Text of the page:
So I stood outside the door, admiring the handle, and trying to figure out a way to open the door without touching it. No luck. You see, I had ‘accidentally’ left my wand at my desk, not knowing in the slightest that my boss had a pretty door handle.

Well. I did know. And I did leave it there on purpose. I was nervous! I didn’t want to lose my job!

Damn morals. Why did I always have to tell the truth? It couldn’t hurt for once, for me not to tell everything. But no! My conscience and I were always in battle. And he (she?) always won. Every time. I didn’t think I had ever lied since school. Except...that one time when I burst into tears half an hour later.

It probably started as repentance for my stalking habits of Potter. But in my defence I wasn’t the only one in love with him. He was a 16 year old boy! Famous, rich and not ugly. Not at all ugly. And I was only 14. What else would you expect? But nevertheless, ever since then, it had been safe to say you could expect the truth from me.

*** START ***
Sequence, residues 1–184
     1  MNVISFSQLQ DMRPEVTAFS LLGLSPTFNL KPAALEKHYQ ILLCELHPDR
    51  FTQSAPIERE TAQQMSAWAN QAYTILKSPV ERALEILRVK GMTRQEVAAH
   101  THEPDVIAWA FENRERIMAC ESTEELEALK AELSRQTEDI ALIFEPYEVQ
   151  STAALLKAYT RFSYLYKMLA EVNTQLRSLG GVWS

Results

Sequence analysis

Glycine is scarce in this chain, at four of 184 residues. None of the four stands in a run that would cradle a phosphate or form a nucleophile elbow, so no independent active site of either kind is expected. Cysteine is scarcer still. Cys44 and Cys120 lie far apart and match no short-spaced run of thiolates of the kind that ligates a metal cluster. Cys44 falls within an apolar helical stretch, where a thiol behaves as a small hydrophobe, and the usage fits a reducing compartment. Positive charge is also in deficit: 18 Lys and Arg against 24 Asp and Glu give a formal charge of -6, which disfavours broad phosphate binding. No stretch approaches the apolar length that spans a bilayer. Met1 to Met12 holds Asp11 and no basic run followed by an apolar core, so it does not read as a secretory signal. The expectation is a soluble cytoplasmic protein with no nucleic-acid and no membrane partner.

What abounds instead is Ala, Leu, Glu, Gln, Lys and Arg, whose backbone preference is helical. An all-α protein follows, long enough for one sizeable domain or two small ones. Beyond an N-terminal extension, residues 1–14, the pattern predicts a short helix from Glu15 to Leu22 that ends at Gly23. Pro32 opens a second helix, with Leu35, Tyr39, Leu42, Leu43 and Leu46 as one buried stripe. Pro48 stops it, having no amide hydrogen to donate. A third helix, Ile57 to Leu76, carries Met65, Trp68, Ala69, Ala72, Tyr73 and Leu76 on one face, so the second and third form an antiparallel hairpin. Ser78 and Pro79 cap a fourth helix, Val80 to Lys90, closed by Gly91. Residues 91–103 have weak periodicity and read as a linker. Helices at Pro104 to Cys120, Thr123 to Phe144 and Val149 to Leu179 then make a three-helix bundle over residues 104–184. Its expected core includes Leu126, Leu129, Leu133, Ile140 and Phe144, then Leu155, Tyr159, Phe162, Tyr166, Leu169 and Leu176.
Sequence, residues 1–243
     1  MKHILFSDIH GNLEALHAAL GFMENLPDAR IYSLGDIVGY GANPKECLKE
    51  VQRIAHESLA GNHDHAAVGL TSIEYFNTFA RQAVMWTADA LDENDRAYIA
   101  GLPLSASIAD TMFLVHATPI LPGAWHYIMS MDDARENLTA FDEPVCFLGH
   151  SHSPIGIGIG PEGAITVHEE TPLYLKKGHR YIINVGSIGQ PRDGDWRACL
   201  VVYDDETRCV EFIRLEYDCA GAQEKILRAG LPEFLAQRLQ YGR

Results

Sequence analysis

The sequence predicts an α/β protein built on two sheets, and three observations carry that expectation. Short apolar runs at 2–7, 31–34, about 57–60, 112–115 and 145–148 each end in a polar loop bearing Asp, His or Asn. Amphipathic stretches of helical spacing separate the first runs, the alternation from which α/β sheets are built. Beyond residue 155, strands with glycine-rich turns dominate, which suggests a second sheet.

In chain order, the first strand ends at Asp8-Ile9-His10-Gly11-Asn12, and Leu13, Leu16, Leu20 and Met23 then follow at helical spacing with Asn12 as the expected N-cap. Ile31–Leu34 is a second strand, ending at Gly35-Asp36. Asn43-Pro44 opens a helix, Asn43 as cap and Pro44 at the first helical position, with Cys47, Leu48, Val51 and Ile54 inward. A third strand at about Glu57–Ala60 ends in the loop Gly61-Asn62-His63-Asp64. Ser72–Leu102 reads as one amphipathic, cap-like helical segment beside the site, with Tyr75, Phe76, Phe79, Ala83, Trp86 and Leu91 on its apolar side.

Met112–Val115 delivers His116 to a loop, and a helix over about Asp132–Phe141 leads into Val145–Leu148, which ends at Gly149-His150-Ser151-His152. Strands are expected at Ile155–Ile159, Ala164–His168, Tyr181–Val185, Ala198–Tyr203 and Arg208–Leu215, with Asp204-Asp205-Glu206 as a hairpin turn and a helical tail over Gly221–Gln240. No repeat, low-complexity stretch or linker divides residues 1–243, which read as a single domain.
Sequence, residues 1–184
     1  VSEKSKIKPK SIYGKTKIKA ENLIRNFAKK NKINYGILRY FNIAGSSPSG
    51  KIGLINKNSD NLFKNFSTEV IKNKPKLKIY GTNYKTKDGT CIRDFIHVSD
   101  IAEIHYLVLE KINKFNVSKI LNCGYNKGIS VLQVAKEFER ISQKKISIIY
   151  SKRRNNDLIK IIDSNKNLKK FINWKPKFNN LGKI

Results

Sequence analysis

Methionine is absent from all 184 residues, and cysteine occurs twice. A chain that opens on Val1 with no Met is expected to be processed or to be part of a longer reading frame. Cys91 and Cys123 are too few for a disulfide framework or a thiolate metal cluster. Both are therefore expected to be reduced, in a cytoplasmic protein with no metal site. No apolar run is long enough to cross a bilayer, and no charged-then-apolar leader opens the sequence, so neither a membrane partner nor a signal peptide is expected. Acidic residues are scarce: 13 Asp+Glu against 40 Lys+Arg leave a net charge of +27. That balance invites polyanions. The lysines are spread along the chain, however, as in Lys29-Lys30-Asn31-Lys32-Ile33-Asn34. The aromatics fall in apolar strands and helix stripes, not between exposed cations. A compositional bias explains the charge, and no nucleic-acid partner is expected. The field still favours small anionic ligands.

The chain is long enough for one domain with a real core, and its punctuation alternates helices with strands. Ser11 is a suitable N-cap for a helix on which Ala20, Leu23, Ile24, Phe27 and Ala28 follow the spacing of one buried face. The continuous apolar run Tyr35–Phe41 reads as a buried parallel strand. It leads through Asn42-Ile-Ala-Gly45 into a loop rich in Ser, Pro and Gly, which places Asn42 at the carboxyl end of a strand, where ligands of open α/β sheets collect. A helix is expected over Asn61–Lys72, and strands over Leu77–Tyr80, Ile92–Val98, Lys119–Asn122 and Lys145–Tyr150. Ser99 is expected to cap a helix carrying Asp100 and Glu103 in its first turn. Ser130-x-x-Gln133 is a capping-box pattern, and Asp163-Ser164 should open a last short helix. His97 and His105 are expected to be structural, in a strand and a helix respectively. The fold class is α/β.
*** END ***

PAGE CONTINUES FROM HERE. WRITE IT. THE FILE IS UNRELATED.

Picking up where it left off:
But that also means some people thought I was nasty. I wasn't really; I just didn’t give out compliments because it might've been a lie to say that person was good. You wanted honesty? All you had to do was give me a ring.

Ah. But most magical folk didn’t know how to use a phone. I liked being half-blood. Both my parents were magical, but my dad was muggle-born. So 2 of my grandparents were muggles, explaining my knowledge of muggle things.